Big Island Dengue Fever Count at a Standstill
No new cases of dengue fever were confirmed on the Big Island Tuesday by the Hawai’i Department of Health.
The overall case count remains at 263 as Governor David Ige has signed a supplemental proclamation to extend the state’s emergency period for combating mosquito-borne illnesses.
The proclamation includes not just dengue fever, but all mosquito-borne illnesses, including Zika.
On February 12, Governor Ige signed the initial declaration, four days after Mayor Billy Kenoi issued an emergency declaration at the county level as the dengue outbreak continued.
Signing the emergency proclamation gives the state access to the Major Disaster Fund and allows the option to waive certain laws and regulations related to outbreak response, if needed. It also permits coordination with other states and territories for mutual aid from the Emergency Management Assistance Compact, and opens the door for federal funding help if the state runs out of resources.
In total, 237 Big Island residents have been infected with the dengue virus. An additional 26 island visitors have also contracted the disease.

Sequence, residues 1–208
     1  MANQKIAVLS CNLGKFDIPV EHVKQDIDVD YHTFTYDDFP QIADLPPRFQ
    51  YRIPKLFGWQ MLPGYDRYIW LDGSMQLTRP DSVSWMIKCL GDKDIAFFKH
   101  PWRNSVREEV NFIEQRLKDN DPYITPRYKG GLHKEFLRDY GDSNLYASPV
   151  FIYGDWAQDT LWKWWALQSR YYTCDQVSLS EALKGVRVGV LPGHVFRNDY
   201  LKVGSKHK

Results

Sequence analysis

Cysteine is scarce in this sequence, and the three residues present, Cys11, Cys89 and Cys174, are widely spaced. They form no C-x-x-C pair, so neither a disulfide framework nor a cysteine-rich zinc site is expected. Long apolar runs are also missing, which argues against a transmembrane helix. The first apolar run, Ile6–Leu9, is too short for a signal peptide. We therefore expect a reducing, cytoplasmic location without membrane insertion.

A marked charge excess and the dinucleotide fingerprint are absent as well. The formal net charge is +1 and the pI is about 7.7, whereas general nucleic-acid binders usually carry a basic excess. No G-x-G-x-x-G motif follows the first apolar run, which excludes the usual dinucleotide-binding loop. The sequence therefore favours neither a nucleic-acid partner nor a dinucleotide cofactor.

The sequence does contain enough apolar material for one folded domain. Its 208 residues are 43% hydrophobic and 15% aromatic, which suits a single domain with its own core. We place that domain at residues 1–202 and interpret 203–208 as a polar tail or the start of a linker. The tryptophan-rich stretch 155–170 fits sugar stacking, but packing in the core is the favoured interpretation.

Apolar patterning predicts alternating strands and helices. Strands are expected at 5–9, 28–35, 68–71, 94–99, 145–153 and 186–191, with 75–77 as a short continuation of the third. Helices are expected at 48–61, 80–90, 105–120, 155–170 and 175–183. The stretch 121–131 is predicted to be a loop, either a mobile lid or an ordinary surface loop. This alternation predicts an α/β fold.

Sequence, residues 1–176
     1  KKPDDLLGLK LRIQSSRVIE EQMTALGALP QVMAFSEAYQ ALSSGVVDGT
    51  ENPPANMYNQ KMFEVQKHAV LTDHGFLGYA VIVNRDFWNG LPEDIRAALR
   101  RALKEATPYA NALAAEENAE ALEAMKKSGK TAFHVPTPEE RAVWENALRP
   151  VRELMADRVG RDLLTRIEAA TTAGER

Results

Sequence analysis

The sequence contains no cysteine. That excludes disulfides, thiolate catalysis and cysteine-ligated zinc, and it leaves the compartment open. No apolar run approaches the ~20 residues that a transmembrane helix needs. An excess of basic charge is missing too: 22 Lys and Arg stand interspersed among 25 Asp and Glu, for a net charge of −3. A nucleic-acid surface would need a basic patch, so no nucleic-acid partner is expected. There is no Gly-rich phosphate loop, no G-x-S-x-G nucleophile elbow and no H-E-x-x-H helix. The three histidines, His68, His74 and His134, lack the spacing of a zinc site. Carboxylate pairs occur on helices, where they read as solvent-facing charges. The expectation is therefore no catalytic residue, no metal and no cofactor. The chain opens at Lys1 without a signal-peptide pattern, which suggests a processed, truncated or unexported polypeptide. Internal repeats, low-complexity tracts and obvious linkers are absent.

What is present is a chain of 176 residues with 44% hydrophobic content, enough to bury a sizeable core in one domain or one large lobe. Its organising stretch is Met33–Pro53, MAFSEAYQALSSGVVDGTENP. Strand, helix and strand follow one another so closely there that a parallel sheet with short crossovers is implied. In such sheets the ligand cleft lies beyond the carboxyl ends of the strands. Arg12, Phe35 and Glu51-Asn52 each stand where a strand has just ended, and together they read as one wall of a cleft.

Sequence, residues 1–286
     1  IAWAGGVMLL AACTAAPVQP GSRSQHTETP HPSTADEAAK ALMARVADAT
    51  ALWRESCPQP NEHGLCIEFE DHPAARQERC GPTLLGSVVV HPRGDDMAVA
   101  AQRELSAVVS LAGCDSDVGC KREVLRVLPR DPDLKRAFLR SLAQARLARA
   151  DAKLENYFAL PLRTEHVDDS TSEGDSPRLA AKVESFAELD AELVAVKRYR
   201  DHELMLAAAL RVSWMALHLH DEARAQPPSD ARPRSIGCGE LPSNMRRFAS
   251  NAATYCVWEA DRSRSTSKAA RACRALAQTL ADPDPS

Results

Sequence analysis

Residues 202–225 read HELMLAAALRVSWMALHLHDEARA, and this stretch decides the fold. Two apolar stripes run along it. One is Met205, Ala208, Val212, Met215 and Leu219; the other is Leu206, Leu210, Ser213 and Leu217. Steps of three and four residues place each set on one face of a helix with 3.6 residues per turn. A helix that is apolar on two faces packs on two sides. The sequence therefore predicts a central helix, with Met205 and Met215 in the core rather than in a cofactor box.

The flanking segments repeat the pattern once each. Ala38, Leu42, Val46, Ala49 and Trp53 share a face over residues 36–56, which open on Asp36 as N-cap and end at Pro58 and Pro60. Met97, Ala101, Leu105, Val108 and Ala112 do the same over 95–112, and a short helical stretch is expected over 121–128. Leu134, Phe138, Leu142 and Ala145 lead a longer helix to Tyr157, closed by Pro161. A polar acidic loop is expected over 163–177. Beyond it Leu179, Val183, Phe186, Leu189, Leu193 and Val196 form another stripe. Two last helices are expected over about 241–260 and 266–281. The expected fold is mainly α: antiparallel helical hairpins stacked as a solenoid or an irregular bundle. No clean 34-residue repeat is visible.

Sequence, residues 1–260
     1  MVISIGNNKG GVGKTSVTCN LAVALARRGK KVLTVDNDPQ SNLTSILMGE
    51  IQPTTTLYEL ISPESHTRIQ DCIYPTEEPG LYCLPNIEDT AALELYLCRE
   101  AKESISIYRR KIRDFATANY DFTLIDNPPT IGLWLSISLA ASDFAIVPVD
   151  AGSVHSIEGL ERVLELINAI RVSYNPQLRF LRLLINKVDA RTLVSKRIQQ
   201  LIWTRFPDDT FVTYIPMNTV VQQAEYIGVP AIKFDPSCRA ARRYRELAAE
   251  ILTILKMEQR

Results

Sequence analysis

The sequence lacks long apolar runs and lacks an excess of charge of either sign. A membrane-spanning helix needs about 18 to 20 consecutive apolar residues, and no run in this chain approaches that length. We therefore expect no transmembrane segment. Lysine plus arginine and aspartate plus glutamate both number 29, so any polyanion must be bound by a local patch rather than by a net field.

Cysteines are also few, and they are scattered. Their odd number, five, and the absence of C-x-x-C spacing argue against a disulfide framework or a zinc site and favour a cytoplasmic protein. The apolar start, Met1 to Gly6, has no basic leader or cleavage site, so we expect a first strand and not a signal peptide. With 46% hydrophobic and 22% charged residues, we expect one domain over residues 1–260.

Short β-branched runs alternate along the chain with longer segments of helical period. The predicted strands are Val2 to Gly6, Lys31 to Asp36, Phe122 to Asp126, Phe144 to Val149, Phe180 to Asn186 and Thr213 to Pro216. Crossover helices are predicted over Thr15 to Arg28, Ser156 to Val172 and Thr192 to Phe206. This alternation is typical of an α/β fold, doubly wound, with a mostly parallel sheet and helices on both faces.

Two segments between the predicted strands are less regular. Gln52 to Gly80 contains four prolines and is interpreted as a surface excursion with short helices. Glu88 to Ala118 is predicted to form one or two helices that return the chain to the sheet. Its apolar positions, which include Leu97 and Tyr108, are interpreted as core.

Since the September 2015 onset of the breakout, 1,601 potential cases of dengue fever have been excluded from the overall count. This includes four potential cases in the past week.
Symptoms of dengue fever include fever, joint or muscle pain, headache or pain behind the eyes, and rash.
Those interested in obtaining general information about the current Big Island dengue fever investigation should call 2-1-1 and talk with Aloha United Way.
Anyone who thinks they may have contracted dengue fever on the Big Island should call 933-0912 if they are located in East Hawai‘i or 322-4877 in West Hawai‘i. If an individual is currently ill and concerned that they may have contracted dengue fever, they should contact their primary care physician.
Hawai’i County Civil Defense suggests the following to aid in reducing potential mosquito breeding areas around homes and businesses:
Remove or eliminate standing water that provides sources for mosquito breeding such as buckets or puddles.
- Fix leaky faucets and outdoor hoses that are dripping water.
- Treat bromeliads and other plants that hold water with a larvacide or chlorine bleach solution.
- Clean gutters to allow water to drain freely.
- Repair screens and windows to help keep mosquitoes out.
- Dispose of old tires at no charge at county transfer stations islandwide.
Mosquito concerns should be reported to 974-6010 in East Hawai‘i or 322-1513 in West Hawai’i.